The Best Way to Cook a Whole Chicken for Soup

Chicken soup is comforting way to consume lean protein.
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Although soup is a part of almost every culture, chicken soup has deep roots in Jewish tradition. An integral part of Passover meals and the basis for matzoh ball soup, chicken soup was often referred to as "Jewish penicillin" because it was the go-to dish for those feeling under the weather.


Although anyone can make the soup from whatever chicken parts they have on hand, professional chefs use a whole chicken to take advantage of both white and dark meat as well as the many bones that lend flavor to the broth.

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Things You'll Need

  • Large stockpot with lid

  • 1 whole fresh chicken

  • 3 medium yellow onions, cut in quarters

  • 3 carrots, cut in half

  • 3 celery ribs with leaves, cut in half

  • 10 whole peppercorns

  • 10 sprigs of parsley

  • 2 bay leaves

  • 3 sprigs rosemary

  • 3 sprigs thyme

  • Kosher salt or sea salt

  • Large bowl

  • Cheesecloth

How to Cook a Whole Chicken for Soup

  1. Remove giblets and anything else in the cavity of the chicken. If your pot isn't large enough to accommodate the chicken whole, use a sharp knife to remove the legs.
  2. Place the chicken, either whole or in pieces, in a large stockpot, followed by the vegetables, herbs and spice.
  3. Fill the pot to within 2 inches of the top with cold water. Set on the burner on high heat and cover with a tight-fitting lid.
  4. Bring the water to a boil, then reduce the heat until it comes down to a slow simmer.
  5. Cook for 1.5 hours.
  6. Remove the chicken from the pot.
  7. Remove all of the meat from the chicken and set it aside.
  8. Add the chicken bones back to the pot.
  9. Cover and simmer for an additional 1.5 hours. Taste the liquid frequently during this part of the cooking process, adding kosher or sea salt as desired.
  10. Remove the pot from the heat.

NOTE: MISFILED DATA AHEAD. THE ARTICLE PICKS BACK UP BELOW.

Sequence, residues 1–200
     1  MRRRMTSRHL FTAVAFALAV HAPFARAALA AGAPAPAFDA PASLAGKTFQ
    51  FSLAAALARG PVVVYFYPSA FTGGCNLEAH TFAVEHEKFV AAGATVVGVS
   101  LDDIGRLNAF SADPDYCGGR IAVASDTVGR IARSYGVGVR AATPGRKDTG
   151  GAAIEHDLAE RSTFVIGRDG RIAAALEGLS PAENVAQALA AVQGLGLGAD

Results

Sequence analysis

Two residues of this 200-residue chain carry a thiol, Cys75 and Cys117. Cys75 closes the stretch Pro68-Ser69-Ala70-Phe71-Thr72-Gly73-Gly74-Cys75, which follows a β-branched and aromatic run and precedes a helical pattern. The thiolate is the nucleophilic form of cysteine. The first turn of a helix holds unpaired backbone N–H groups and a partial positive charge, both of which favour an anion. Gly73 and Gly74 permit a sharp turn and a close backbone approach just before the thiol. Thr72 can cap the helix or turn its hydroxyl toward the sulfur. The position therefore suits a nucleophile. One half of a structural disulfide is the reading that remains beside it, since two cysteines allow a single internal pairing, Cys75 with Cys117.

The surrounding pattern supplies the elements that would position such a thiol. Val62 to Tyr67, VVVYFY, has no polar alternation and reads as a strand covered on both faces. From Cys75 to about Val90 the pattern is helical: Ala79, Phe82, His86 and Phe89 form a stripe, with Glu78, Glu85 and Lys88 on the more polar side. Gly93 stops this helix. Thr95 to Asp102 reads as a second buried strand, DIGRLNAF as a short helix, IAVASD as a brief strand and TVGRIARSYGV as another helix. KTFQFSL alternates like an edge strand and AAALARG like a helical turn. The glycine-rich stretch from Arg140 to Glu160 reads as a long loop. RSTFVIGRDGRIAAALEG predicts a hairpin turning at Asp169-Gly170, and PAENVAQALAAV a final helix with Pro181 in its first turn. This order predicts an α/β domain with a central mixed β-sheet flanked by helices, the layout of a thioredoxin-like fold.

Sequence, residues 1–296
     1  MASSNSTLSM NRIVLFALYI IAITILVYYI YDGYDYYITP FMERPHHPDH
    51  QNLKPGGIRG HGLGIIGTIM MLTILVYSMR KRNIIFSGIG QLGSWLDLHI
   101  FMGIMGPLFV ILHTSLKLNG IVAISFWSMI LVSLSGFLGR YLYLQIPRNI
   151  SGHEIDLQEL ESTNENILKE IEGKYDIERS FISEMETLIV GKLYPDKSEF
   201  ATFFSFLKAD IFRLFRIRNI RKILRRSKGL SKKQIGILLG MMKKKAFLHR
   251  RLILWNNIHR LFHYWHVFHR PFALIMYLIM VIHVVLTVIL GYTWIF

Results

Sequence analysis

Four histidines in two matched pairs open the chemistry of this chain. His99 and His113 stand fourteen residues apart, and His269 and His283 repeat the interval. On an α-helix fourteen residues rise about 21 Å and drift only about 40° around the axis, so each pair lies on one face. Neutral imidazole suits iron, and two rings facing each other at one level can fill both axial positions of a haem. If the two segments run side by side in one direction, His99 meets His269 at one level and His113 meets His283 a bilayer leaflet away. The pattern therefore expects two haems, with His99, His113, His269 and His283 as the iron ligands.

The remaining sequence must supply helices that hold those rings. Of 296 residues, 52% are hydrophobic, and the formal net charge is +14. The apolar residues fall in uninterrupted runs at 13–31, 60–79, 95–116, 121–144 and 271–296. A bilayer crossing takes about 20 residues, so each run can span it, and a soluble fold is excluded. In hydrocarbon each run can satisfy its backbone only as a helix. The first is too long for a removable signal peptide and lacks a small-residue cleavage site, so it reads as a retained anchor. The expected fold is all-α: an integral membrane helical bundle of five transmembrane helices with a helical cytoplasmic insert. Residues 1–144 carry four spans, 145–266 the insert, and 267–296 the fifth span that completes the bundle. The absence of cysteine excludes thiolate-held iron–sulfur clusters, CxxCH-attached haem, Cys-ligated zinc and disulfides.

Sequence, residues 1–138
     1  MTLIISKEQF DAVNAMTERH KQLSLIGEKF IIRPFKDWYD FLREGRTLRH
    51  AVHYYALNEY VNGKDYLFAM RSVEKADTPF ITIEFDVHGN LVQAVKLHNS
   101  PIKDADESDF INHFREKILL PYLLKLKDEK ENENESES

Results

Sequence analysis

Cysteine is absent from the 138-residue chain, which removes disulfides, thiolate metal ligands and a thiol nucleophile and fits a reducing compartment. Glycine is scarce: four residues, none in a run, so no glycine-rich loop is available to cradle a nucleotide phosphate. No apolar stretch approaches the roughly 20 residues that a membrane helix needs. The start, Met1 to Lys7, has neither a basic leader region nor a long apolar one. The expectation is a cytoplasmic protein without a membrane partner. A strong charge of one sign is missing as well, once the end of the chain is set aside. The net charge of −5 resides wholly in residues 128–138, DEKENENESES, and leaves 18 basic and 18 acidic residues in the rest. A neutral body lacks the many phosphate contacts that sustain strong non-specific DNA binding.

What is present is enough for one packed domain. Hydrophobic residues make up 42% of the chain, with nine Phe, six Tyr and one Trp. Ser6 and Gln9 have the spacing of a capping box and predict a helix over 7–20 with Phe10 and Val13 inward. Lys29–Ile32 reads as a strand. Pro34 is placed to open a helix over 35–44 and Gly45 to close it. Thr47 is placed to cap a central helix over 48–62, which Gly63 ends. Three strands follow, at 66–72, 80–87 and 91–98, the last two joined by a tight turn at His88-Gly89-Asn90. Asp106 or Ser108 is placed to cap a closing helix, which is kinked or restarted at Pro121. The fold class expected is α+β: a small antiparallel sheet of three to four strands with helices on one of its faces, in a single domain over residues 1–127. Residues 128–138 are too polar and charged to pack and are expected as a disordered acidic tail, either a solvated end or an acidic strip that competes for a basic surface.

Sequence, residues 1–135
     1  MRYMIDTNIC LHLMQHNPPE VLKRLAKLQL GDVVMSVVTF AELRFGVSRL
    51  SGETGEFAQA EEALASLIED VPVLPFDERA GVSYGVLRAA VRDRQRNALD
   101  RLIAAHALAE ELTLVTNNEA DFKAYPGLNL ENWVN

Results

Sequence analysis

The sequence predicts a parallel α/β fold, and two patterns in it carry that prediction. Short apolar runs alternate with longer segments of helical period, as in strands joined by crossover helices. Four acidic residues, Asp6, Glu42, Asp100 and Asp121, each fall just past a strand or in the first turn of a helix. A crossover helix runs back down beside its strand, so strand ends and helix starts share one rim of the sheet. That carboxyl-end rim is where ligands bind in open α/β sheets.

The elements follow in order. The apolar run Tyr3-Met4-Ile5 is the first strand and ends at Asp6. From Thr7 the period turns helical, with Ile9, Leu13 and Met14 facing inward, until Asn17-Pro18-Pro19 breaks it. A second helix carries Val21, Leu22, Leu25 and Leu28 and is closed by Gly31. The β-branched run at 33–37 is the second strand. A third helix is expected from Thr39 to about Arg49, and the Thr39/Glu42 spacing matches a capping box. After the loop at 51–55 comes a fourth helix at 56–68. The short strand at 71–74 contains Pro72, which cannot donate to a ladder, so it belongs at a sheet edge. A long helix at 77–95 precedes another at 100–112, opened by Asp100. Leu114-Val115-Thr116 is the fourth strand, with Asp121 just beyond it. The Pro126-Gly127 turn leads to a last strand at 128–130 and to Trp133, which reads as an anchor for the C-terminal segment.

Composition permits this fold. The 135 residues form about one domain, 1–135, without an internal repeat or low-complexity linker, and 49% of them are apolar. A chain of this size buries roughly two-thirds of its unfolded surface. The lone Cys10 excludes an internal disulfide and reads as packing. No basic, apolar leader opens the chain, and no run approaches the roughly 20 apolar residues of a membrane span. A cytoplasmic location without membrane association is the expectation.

11. Use a slotted spoon or mesh ladle to remove as many of the large pieces of bones and vegetables as possible and discard.
  12. Line a large bowl with two layers of cheesecloth, making sure that a few inches of cheesecloth hang over the sides of the bowl.
  13. Slowly pour the broth from the pan into the bowl. Grab the edges of the cheesecloth and lift it straight out of the bowl to remove the small bits of bones, herbs and spice and leave you with a clear broth.
  14. Rinse out the stockpot, return the broth to the pot and place it on the hot burner.
  15. Shred or cut the chicken into bite-size pieces and add them to the broth, along with any rice, vegetables or noodles desired in the finished soup.
  16. Simmer until everything is heated and cooked through.


Although you can use any type of chicken for chicken soup, even a rotisserie chicken from the local supermarket, the best choice is a stewing hen from your local butcher. If your choices are limited to a roaster or fryer chicken from the supermarket, choose the roaster because the meat is easier to remove from the bones.

If you want to minimize fat and calories, allow the broth to cool completely after straining. Add the shredded or cut-up chicken to it and refrigerate overnight. Most of the residual fat in the broth will rise to the surface and solidify slightly. Use a large spoon to skim off the fat and then continue with the recipe.


The US Department of Agriculture recommends storing chicken soup for no more than 3 to 4 days in the refrigerator or 4 to 6 months in the freezer.